Cost Curves
The short-run marginal cost (MC) curve will at first decline and then will go up at some point, and will intersect the average total cost and average variable cost curves at their minimum points.

The average variable cost (AVC) curve will go down (but will not be as steep as the marginal cost), and then go up. This will not go up as fast as the marginal cost curve.

The average fixed cost (AFC) curve will decline as additional units are produced, and continue to decline.

The average total cost (ATC) curve initially will decline as fixed costs are spread over a larger number of units, but will go up as marginal costs increase due to the law of diminishing returns.

The graph below illustrates the shapes of these curves.

Figure 3.8: Cost Curves

Diminishing Returns and Diminishing Marginal Product of Capital
T
he law of diminishing returns states that as one type of production input is added, with all other types of input remaining the same, at some point production will increase at a diminishing rate.

There may be levels of input where increasing inputs causes production to go up at an increasing rate. However, according to the law of diminishing returns, at some point production will go up at a decreasing rate.

The marginal product of capital is the increase in total output associated with an increase in capital, while holding the quantity of labor constant. Capital is also subject to the law of diminishing returns.

Economies of Scale
Economies of scale mean that goods can be produced at a lower cost per good, as the quantity produced increases. Large-scale factory operations can permit the most efficient specialization of machinery and labor. Average fixed costs will decline as costs such as advertising can be spread across more and more units.
Diseconomies of Scale
Diseconomies of scale occur when per unit costs go up as output is increased. A typical reason given is bureaucratic inefficiencies - more attention may be given to administrative rules as opposed to innovation. Worker motivation is also more difficult as the number of employees increases.

When economies of scale occur, the long-run average total cost (LRAC) curve will be declining; with diseconomies of scale, the LRAC curve will be rising.

Figure 3.9: Long Run Average Total Curve

Perfectly Competitive Markets

Related Articles
  1. Investing

    Trade Bond ETFs Using Yield Curves

    Different types of yield curves provide important insights for trading bond-based securities.
  2. Investing

    What Is Supply?

    Supply is the amount of goods a producer is willing to produce at a given price, and is one of the most basic concepts in economics.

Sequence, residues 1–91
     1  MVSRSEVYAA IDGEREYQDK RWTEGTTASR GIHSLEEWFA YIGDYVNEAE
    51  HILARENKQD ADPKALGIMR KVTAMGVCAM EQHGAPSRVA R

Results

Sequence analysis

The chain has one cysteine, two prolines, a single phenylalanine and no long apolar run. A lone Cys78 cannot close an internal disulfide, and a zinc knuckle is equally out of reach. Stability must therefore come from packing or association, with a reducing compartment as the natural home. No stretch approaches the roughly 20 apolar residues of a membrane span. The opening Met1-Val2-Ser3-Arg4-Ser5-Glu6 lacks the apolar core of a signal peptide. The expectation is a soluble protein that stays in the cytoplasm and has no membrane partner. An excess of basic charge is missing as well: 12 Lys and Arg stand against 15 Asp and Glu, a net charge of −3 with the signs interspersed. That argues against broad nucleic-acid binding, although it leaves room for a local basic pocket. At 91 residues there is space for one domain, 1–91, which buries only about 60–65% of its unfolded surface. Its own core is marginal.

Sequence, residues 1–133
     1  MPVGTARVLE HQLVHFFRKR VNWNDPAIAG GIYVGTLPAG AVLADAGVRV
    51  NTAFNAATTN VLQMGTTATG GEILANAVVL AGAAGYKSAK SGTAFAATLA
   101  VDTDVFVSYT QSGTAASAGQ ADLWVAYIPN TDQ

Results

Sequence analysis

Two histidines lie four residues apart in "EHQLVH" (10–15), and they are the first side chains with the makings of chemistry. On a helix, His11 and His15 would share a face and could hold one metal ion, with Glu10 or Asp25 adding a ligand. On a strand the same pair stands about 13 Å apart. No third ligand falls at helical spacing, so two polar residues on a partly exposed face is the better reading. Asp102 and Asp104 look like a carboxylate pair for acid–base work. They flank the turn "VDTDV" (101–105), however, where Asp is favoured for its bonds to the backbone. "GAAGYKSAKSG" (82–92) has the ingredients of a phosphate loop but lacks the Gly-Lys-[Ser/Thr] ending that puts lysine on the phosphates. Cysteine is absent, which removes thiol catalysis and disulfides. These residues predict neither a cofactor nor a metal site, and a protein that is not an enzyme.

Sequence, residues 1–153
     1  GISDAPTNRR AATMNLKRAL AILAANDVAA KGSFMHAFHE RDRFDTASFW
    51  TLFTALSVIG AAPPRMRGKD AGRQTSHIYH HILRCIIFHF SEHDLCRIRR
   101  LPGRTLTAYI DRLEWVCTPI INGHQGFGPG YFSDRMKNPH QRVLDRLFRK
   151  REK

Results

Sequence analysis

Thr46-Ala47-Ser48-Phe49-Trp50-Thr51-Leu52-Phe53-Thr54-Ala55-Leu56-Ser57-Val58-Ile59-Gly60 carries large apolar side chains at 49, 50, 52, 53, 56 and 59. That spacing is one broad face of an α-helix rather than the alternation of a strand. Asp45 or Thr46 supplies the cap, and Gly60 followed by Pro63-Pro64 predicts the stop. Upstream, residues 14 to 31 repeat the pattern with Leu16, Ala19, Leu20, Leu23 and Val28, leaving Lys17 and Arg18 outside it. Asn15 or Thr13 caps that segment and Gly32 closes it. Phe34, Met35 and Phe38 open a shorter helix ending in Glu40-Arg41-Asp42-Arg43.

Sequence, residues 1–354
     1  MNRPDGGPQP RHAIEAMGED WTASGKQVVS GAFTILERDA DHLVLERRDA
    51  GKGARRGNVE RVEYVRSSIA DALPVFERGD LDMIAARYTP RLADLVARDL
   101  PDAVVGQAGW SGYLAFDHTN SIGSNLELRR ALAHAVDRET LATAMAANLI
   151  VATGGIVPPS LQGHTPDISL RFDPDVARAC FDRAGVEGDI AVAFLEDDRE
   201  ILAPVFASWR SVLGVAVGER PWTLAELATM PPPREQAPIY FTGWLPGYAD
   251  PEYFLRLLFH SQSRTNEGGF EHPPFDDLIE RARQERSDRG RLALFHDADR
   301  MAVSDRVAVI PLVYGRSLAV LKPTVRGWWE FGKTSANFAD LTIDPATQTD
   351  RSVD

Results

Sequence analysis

3. Investing

    A Flattening Yield Curve Is Good For The Economy and Stocks

    Wall Street is concerned because the yield curve is flattening, but that doesn't mean a recession is near.
  4. Investing

    Will an Inverted Yield Curve Happen Again?

    Explore the causes of inverted yield curves, their frequency, their accuracy in forecasting recessions and whether this type of event can happen again.
  5. Investing

    Understanding the Inverted Yield Curve

    An inverted yield curve occurs during the rare times when short-term interest rates are higher than long-term interest rates.
  6. Insights

    Is a Recession Coming? Watch the Yield Curve

    The yield curve can be an indicator of which way the economy is heading.
  7. Investing

    Interest Rates And Your Bond Investments

    By understanding the factors that influence interest rates, you can learn to anticipate their movement and profit from it.
  8. Investing

    Bond Yield Curve Holds Predictive Powers

    This measure can shed light on future economic activity, inflation levels and interest rates.
  9. Investing

    One Thing The Yield Curve Says About Stocks

    Contrary to media hype, a flattening yield curve does not mean a recession is coming soon.
Frequently Asked Questions
  1. What's considered to be a good debt-to-income (DTI) ratio?

    Your debt-to-income ratio helps lenders determine your credit worthiness. Find out how to calculate your score and how to ...
  2. What is the difference between a loan and a line of credit?

    Learn to differentiate between lines of credit and standard loans, and determine when you are likely to use each method of ...
  3. What does a Chief Financial Officer (CFO) do?

    A CFO is responsible for accurate reporting of a company's financial information, investing the company's money and identifying ...
  4. How did George Soros break the Bank of England?

    George Soros pocketed $1 billion by betting against the British pound, cementing his reputation as the premier currency speculator ...
Trading Center